Innocent Until Proven Guilty Applies To Women, Too

Innocent Until Proven Guilty Applies To Women, Too

To the Dr. Christine Blasey Fords of the world: I see you, and I believe you.

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We have a saying in this country that is (supposed to be) upheld in every courtroom: innocent until proven guilty.

The presumption of innocence is one of the founding principles of the American justice system. It is one of the key differences between the American judiciary and the European justice system. It is touted in every grade-school American history book across the country.

As Americans, we understand that every person is granted access to due process, legal representation, and a fair trial when it comes to criminal proceedings.

Why, then, is it so difficult to understand the same principle when it applies to female survivors of sexual assault?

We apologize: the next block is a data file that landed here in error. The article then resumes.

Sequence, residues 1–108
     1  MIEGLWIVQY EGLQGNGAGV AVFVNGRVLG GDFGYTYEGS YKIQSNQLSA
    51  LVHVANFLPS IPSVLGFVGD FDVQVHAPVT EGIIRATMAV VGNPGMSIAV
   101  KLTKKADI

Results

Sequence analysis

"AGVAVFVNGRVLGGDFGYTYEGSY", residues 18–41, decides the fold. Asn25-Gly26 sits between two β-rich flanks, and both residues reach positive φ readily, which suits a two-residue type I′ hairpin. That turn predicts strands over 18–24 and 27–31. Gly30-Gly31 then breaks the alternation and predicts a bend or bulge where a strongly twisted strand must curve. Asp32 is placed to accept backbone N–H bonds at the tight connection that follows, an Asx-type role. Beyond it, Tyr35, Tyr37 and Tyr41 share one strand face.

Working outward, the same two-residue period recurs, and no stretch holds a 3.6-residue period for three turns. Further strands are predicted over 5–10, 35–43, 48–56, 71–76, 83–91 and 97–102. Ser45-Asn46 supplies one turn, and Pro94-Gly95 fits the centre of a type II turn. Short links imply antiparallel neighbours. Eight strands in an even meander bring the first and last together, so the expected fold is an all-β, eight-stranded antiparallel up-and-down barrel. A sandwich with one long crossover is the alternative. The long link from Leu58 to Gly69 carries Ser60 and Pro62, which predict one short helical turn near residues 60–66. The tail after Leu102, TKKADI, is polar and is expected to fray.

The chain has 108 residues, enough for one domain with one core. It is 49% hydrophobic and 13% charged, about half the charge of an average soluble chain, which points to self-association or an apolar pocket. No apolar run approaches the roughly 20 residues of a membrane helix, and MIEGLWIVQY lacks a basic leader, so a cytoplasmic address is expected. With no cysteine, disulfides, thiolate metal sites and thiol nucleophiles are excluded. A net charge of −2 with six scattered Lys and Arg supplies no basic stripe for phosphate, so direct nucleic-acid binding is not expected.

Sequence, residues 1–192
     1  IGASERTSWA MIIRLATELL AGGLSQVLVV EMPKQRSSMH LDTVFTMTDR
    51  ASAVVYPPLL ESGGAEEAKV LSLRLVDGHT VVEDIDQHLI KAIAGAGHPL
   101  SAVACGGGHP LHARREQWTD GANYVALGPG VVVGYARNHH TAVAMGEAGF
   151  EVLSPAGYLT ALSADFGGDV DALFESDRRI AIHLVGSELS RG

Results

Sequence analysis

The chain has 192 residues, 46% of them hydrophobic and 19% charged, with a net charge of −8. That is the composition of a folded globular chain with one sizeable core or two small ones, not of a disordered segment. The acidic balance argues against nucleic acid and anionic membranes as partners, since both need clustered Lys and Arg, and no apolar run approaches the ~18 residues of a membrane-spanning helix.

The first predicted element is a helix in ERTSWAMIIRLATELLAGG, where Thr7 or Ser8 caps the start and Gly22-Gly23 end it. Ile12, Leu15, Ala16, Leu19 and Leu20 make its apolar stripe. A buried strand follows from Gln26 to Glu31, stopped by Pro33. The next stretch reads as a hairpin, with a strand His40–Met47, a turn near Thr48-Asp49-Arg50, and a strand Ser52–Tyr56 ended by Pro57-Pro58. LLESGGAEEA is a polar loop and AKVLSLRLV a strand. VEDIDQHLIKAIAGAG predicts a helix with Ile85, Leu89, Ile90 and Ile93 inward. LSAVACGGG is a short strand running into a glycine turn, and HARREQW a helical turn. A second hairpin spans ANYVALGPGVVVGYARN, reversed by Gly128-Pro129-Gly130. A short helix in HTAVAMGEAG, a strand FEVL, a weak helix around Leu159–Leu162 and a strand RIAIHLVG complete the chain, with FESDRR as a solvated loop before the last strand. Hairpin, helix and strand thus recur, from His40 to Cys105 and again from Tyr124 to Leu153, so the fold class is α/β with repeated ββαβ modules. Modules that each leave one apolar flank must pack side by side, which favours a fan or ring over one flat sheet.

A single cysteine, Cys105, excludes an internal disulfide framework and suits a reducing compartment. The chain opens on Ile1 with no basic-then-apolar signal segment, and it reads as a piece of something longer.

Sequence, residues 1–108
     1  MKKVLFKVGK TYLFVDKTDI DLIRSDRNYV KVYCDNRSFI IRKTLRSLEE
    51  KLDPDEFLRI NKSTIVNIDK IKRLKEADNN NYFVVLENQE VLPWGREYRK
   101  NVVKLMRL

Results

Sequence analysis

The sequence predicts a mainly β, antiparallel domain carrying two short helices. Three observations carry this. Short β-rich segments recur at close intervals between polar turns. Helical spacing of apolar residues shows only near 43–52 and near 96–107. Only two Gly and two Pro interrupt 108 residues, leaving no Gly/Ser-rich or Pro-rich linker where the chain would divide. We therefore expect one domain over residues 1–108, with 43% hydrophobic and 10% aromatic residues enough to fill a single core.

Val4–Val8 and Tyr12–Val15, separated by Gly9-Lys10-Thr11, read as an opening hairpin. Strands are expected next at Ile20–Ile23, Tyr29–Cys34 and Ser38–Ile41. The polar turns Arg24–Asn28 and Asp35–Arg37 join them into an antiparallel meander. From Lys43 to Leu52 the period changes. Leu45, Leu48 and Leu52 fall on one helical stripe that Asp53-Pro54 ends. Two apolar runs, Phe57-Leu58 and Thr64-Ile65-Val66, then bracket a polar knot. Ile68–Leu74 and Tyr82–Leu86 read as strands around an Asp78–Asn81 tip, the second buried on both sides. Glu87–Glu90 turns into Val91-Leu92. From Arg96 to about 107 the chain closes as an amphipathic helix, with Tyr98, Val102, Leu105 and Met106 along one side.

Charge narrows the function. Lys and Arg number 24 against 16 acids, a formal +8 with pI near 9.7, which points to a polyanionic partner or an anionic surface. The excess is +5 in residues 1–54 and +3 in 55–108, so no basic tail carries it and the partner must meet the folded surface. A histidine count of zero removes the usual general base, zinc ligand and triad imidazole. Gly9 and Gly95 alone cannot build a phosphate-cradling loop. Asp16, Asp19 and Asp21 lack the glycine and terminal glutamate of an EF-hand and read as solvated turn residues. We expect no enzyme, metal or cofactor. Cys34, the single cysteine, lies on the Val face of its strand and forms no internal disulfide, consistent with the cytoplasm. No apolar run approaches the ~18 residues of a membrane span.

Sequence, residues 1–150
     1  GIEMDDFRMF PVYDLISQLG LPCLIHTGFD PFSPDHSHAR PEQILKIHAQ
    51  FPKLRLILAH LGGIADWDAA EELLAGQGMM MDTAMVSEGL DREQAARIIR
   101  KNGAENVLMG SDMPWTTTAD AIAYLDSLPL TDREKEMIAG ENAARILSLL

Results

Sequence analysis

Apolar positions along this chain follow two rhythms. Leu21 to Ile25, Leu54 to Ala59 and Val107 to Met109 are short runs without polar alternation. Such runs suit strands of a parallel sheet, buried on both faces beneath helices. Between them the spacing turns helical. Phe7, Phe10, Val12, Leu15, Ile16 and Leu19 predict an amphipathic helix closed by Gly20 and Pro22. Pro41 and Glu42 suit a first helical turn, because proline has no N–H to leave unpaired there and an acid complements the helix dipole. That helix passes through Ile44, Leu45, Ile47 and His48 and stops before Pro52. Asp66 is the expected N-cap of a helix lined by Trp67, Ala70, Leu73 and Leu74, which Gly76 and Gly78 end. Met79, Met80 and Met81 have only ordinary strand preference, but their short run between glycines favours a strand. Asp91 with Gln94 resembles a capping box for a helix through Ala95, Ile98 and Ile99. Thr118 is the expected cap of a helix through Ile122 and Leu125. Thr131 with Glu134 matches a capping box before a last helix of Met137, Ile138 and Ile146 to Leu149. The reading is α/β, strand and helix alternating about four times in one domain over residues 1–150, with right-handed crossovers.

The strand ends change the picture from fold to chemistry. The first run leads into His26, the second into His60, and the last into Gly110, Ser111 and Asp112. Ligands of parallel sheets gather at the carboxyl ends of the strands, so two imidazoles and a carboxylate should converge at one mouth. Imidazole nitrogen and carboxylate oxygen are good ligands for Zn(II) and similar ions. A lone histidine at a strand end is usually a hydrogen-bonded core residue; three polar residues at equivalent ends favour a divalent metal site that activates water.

There are some scary statistics out there: according to Forbes, one in four girls and one in six boys have been sexually abused before they turn 18, and one in five women and one in 71 men will be raped at some point during their lives. Think of the number of women you know.

Now think of that statistic again.

These past two years have seen the dawn of the #MeToo movement: women coming forward to share their traumatic experiences with sexual harassment and assault in all walks of life--and taking down predatory men in positions of power while doing so: Harvey Weinstein, Larry Nassar, Bill Cosby...the list goes on.

An objectively good thing, right?

You would think.

There are people--primarily men--who become unreasonably angry not only with the delayed reporting of crime, but with women for saying anything in the first place.

"They're too sensitive." "If it really bothered them, why did they wait so long to do anything about it?" "Boys will be boys!"